abacus-288x162.jpg

Once you have begun to tell your young child that she may have just one candy, you have launched her on her math journey. Eventually, you will introduce her to bigger numbers by asking her to place three or four spoons on the dinner table, to use five colored pencils for her drawing, or to invite ten friends to her birthday party.


So the journey has begun. But will it be interesting, challenging and rewarding, or troubling and frustrating? The answer depends on how you organize the ride.

 

We as parents can often recall our own success stories in ballet, sports, and music, all of which began with an early start in training. A young age–between 0 and 6–is the period of most intense and easy learning your child will ever have. During this time, your child’s brain is the most malleable, readily establishing connections and developing skills that will later take much more time and effort. If you have ever tried to learn a foreign language or a new sport as an adult, you might have noticed how much harder it was to achieve a desirable level of competence than it was when you were a child.


Starting early in math means introducing your child to the world of math concepts through everyday life activities and events. Young parents often ask: When should we start doing this? The answer is simple: You don't have to do anything special and hopefully you are already doing this every time you talk to your baby. Words like: first and second, bigger and smaller, greater or less than, one toy, two socks, three-four-five fingers. You say them every time you feed your baby or dress her. You do it by using every chance to count different objects (cars in the driveways as you walk around the neighborhood, people you meet, streets you cross), read numbers around you (prices in the store, house numbers, number keys on your phone), recognize shapes (a light ray as a straight line, a circular plate, a cylindrical coffee mug, a square rug, a rectangular box), or compare values (more, less, or equal). This will eventually build your child’s basic mathematical vocabulary, which will then make learning math in school much easier. The same can be done with basic operations, such as addition, subtraction, division, and multiplication. The more your child is exposed to these early on, the more natural their relationship with math concepts becomes.


What if you have missed this age and your child is already struggling with math in school? Is it too late now?! In general, the answer is no: it is never too late to start learning anything and great achievements are possible at any age. A determined learner can always turn things around.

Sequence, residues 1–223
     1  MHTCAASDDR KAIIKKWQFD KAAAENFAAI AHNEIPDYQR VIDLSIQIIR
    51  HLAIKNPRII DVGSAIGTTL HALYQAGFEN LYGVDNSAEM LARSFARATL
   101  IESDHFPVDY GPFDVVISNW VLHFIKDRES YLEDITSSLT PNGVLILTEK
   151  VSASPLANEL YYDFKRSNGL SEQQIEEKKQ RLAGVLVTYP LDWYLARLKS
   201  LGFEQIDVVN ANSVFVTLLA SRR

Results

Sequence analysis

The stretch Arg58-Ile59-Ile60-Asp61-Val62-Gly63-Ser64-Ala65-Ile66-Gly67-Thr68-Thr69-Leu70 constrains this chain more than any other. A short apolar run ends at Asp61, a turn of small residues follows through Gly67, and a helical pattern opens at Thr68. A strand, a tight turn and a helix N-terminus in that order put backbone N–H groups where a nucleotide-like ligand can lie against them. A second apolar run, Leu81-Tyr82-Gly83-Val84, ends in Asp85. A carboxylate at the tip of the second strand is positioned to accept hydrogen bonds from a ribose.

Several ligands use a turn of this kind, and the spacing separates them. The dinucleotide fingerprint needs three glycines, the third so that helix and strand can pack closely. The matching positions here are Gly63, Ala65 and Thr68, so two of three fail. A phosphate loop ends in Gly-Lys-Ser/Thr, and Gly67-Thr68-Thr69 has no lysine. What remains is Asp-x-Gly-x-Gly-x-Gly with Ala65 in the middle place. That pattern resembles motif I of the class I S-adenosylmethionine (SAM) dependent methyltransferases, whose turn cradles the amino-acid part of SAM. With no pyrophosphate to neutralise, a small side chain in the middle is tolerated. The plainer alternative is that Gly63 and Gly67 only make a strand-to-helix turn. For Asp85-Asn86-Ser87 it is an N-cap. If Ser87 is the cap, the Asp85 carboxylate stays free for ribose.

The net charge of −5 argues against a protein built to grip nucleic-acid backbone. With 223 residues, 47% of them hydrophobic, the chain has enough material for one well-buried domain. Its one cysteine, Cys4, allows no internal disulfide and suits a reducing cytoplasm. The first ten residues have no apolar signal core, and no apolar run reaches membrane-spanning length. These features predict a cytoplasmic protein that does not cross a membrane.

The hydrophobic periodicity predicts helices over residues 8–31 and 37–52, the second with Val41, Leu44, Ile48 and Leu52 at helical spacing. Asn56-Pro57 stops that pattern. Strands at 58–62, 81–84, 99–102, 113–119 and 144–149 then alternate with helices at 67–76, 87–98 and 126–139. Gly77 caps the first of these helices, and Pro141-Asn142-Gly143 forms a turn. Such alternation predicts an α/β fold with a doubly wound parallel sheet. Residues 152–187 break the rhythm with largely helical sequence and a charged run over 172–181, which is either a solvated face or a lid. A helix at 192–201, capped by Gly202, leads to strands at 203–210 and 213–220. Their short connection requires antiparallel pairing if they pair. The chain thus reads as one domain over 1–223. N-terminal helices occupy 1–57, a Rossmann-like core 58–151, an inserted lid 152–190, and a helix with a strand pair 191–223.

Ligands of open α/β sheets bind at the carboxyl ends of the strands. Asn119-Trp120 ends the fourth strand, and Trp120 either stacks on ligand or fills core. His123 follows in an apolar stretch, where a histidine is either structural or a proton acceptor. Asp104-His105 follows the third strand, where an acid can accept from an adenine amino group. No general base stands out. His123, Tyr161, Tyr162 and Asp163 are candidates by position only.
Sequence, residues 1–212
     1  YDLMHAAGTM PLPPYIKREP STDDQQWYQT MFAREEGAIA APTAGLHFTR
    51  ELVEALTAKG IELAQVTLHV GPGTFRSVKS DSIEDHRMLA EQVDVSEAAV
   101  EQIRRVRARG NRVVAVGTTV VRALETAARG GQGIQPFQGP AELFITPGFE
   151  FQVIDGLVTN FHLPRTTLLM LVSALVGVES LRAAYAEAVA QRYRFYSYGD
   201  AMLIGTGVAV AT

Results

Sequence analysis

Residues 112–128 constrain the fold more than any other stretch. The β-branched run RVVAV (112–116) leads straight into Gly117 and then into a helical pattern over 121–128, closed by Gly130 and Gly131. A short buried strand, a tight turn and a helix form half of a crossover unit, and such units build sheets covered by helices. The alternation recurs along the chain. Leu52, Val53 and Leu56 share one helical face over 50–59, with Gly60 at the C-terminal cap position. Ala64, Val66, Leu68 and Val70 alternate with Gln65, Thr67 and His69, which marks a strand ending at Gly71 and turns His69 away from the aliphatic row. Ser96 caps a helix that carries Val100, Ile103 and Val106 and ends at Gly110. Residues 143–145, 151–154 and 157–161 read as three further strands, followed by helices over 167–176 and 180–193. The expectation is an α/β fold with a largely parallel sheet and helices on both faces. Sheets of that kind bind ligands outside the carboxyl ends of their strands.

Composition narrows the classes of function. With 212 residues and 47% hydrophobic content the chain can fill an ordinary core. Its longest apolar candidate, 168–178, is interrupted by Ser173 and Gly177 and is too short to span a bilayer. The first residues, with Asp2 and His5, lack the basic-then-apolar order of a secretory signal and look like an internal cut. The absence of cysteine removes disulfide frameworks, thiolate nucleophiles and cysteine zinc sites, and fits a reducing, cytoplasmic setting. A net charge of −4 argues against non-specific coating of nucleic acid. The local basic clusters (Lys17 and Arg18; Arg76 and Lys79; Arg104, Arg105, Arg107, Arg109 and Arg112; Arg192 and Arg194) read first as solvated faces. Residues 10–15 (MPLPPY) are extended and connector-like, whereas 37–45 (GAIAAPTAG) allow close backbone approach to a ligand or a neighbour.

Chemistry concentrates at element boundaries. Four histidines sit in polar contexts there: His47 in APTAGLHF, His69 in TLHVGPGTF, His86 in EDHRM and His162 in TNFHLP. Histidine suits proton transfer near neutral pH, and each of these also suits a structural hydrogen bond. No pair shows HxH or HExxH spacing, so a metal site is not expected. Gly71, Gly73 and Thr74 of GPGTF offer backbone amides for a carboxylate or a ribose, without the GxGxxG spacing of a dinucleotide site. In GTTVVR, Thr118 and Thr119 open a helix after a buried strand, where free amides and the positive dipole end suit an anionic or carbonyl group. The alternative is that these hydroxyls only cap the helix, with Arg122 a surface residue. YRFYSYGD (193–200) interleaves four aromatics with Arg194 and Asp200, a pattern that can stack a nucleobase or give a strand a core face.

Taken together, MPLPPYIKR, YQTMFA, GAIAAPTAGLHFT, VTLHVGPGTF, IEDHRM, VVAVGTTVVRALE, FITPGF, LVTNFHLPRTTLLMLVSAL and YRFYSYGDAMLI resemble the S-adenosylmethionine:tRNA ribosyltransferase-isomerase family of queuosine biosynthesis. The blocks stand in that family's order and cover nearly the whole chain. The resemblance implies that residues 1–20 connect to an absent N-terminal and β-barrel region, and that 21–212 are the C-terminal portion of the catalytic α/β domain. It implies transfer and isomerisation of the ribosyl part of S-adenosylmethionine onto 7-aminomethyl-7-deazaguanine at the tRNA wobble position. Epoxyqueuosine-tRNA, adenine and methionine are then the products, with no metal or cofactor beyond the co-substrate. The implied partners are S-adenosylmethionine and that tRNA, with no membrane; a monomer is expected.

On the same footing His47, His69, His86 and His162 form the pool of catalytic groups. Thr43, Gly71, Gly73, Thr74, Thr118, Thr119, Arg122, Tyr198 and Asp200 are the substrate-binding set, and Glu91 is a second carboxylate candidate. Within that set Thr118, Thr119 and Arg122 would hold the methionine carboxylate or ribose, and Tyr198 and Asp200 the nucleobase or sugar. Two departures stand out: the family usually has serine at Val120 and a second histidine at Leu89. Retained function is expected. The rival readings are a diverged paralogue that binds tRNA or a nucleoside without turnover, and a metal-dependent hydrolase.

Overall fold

The major problem for older students is motivation. If motivation is there, everything is possible, as long as the student is ready to recognize and change bad habits. For years, your child has been required to memorize equations rather than to understand why she is doing what she is doing, to recall rather than to think, to fill in answers rather than write out solutions, to plug numbers into a formula or a calculator rather than develop logical, complex solutions...the list goes on and on. Changing these behaviors and building new habits will take time and effort, but if successful, can have a powerful effect on all aspects of your child’s life.


After elementary school, too many distractions rise against this type of effort: peer pressure, whether it’s “cool” or not to be a “nerd” in class, insufficient support from parents or teachers, etc. The later they begin, the more misconceptions and missing skills build up, and the harder the catch-up game becomes.


That said, it’s never too late. Interest, motivation, and determination together make miracles happen.


Still, the best rule of thumb is: the earlier, the better.

Tags: early start in math, starting early in math, how you can help

Julia Turchaninova

Written by Julia Turchaninova

Dr. Turchaninova has a B.S. and M.S. in Physics, and Ph.D. in education from Moscow State Pedagogical University. She brings with her 40 years of teaching and research experience at the high school, college and university levels.

Subscribe to Email Updates